Chisholm held that some states of ourselves are self-presenting and provide a stopping place in the quest for justification. The justification we have for accepting that we are in those states is transparent to us in a way that enables us to answer questions about justification. Representation enables us to apprehend such self-presenting states through themselves in a representational loop. It is a loop of exemplarization wherein the state is used as an exemplar to represent the kind of state it (...)
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  32. Keith Lehrer (2001). Individualism, Communitarianism and Consensus. Journal of Ethics 5 (2):105-120.
    There is a contemporary conflict between individualistic andcommunitarian conceptions of rationality. Robert Goodin describes it asa conflict between an enlightenment individualistic conception of a``sovereign artificer'''' and ``a socially unencumbered self'''' ascontrasted with the communitarian conception of a ``socially embeddedself'''' whose identity is formed by his or her community. Should wejustify and explain rationality individualistically or socially? This isa false dilemma when consensus is reached by a model articulated byKeith Lehrer and Carl Wagner. According to this model, the consensusresults from the (...)
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  33. Keith Lehrer (2001). The Rationality of Dissensus: A Reply to Goodin. [REVIEW] Journal of Ethics 5 (2):133-137.
    Robert Goodin claims that he has undermined my ``proof of theinevitability of rational consensus among all patient people of goodwill.'''' I did not intend my position as a proof of the inevitabilityof rational consensus, however, and, in fact, I insist on thereasonableness of dissensus in some cases. I welcome the opportunity,provoked by Goodin''s interesting reflections, to clarify my position. Iproved with Carl Wagner that iterated weighted averaging converges towardconsensus under conditions of connectedness and constancy resulting fromthe positive weight that individuals (...)
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  34. Keith Lehrer (2001). The Virtue of Knowledge. In Abrol Fairweather & Linda Trinkaus Zagzebski (eds.), Virtue Epistemology: Essays on Epistemic Virtue and Responsibility. Oxford University Press. 200--213.
     
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  35. Keith Lehrer, Communitarianism Individualism, Robert E. Goodin, Consensus Interruptus, Simon Blackburn & Normativity à la Mode (2001). Ancient Greek Ethics. Journal of Ethics 5:423-425.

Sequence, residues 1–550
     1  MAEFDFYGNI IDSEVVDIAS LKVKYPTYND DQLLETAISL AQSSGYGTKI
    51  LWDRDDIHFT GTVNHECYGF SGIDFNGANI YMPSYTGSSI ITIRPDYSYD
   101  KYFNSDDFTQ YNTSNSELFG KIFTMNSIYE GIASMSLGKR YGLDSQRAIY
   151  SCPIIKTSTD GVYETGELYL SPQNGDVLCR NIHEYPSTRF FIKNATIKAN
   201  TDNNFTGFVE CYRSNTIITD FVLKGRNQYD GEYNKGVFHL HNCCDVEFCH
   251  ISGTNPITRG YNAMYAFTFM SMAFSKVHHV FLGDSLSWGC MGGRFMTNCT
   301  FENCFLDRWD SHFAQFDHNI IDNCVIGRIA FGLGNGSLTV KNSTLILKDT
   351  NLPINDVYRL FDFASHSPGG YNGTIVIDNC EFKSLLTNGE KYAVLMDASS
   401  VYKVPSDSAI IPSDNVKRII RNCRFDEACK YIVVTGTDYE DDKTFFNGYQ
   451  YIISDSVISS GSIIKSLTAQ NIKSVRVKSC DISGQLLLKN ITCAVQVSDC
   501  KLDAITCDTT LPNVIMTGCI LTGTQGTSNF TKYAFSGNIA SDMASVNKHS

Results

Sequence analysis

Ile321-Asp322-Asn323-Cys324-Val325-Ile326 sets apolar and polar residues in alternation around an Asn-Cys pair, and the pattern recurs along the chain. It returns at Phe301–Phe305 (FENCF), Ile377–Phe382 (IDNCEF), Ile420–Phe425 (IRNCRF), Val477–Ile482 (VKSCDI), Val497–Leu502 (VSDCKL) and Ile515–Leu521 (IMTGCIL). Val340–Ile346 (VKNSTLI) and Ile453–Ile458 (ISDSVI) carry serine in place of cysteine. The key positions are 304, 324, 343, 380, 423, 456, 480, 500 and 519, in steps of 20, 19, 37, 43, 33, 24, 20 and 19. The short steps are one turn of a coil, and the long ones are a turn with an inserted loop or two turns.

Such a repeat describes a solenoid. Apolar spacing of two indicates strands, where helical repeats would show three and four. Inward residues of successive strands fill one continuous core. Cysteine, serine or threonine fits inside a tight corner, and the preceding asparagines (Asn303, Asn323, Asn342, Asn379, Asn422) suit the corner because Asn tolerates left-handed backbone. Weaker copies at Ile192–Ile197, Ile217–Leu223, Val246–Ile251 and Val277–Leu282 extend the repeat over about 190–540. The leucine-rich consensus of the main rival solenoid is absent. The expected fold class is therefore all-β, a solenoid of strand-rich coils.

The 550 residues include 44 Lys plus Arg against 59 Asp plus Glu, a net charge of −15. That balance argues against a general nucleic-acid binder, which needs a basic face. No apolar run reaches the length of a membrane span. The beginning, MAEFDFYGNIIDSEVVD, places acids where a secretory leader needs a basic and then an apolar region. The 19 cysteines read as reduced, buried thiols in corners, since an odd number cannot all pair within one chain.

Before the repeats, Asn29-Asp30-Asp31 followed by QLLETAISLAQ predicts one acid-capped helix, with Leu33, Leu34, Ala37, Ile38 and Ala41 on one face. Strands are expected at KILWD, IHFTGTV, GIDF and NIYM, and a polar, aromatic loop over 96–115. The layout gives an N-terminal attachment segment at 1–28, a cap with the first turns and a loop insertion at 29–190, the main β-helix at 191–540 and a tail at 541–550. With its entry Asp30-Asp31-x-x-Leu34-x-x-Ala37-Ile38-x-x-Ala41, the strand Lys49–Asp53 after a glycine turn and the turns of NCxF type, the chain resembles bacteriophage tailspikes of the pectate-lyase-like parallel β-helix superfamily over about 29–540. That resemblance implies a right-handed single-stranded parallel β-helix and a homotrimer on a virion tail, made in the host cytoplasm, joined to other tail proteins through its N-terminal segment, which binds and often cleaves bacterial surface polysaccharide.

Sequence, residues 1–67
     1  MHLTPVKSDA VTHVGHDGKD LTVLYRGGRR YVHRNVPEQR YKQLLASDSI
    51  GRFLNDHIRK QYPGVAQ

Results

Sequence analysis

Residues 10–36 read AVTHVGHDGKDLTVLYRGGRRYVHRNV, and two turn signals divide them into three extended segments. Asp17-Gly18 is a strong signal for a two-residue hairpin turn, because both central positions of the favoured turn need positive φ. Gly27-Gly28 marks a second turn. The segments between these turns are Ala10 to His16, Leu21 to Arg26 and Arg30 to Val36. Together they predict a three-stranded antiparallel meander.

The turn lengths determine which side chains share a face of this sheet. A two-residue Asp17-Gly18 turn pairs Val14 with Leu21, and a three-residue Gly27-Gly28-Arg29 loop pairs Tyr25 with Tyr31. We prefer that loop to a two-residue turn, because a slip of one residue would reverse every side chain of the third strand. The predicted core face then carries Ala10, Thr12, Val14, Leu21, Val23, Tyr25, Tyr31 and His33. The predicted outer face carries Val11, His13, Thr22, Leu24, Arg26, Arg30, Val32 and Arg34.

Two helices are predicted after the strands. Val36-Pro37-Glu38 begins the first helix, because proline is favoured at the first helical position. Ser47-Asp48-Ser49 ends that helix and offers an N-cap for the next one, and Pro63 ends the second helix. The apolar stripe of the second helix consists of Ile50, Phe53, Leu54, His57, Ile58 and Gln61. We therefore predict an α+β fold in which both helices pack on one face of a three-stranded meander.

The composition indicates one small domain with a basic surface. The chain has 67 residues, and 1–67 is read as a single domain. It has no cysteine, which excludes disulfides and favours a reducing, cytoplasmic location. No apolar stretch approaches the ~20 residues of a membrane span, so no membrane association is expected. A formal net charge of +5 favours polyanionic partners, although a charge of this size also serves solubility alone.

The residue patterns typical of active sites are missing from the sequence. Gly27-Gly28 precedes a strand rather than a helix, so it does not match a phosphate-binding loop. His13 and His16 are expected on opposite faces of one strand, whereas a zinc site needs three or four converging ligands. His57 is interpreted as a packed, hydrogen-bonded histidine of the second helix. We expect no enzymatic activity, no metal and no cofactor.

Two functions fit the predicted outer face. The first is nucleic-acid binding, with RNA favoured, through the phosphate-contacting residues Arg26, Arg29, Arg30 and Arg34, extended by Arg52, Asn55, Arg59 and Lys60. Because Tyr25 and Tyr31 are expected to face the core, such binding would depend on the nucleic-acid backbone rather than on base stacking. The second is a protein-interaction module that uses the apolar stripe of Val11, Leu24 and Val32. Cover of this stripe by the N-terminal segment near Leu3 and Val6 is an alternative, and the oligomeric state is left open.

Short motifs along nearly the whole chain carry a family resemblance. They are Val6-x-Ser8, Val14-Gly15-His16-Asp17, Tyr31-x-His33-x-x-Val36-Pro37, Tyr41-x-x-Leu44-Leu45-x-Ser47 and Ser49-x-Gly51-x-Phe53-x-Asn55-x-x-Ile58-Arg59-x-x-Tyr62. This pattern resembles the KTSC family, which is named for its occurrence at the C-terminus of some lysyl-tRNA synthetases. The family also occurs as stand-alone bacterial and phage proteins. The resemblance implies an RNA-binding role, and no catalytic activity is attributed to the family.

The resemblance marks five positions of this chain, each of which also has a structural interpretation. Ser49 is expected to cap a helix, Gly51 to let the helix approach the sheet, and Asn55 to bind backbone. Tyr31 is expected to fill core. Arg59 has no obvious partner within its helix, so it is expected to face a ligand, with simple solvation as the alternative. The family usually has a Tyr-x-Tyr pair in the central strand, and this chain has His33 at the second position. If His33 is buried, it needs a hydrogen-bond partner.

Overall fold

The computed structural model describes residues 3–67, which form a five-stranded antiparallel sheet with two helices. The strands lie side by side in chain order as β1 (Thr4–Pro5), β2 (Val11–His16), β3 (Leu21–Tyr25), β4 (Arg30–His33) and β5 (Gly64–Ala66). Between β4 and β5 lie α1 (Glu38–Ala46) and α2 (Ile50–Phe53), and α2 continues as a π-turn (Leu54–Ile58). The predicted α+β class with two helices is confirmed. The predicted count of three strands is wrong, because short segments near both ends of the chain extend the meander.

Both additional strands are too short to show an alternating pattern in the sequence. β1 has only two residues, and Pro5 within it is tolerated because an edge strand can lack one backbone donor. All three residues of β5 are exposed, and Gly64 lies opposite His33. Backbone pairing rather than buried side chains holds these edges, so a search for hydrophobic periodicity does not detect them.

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  36. Pierre Jacob & Keith Lehrer (2000). Guest Editorial: French Analytic Philosophy Today. Philosophical Studies 100 (3):215-216.
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  37. Keith Lehrer (2000). Sensitivity, Indiscernibility and Knowledge. Noûs 34 (s1):33 - 37.
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  38. Keith Lehrer (2000). Discursive Knowledge. Philosophy and Phenomenological Research 60 (3):637-653.
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  39. Keith Lehrer (2000). Justification, Coherence and Quine. In A. Orenstein & Petr Kotatko (eds.), Knowledge, Language and Logic: Questions for Quine. Kluwer Academic Print on Demand. 57--61.
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  40. Keith Lehrer (2000). Reid, God and Epistemology. American Catholic Philosophical Quarterly 74 (3):357-372.
  41. Keith Lehrer (2000). Sensibilidad, indiscernibilidad y conocimiento. Teorema 19 (3):41-45.
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  42. Keith Lehrer (2000). Theory of Knowledge. Westview Press.
    In this impressive second edition of Theory of Knowledge, Keith Lehrer introduces students to the major traditional and contemporary accounts of knowing. Beginning with the traditional definition of knowledge as justified true belief, Lehrer explores the truth, belief, and justification conditions on the way to a thorough examination of foundation theories of knowledge,the work of Platinga, externalism and naturalized epistemologies, internalism and modern coherence theories, contextualism, and recent reliabilist and causal theories. Lehrer gives all views careful examination and concludes that (...)
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  43. Keith Lehrer & David G. Stern (2000). The "Dénouement" of "Empiricism and the Philosophy of Mind". History of Philosophy Quarterly 17 (2):201 - 216.
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  44. Keith Lehrer (1999). Justification, Coherence and Knowledge. Erkenntnis 50 (2-3):243-258.
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  45. Keith Lehrer (1999). Knowledge, Scepticism and Coherence. Philosophical Perspectives 13 (s13):131-139.
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  46. Keith Lehrer (1999). Précis of Self-Trust. Philosophy and Phenomenological Research 59 (4):1039-1041.
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  47. Keith Lehrer (1999). Rationality. In John Greco & Ernest Sosa (eds.), The Blackwell Guide to Epistemology. Blackwell. 206--219.
     
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  48. Keith Lehrer (1999). Review: Replies. [REVIEW] Philosophy and Phenomenological Research 59 (4):1065 - 1074.
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  49. Keith Lehrer (1999). Replies. [REVIEW] Philosophy and Phenomenological Research 59 (4):1065-1074.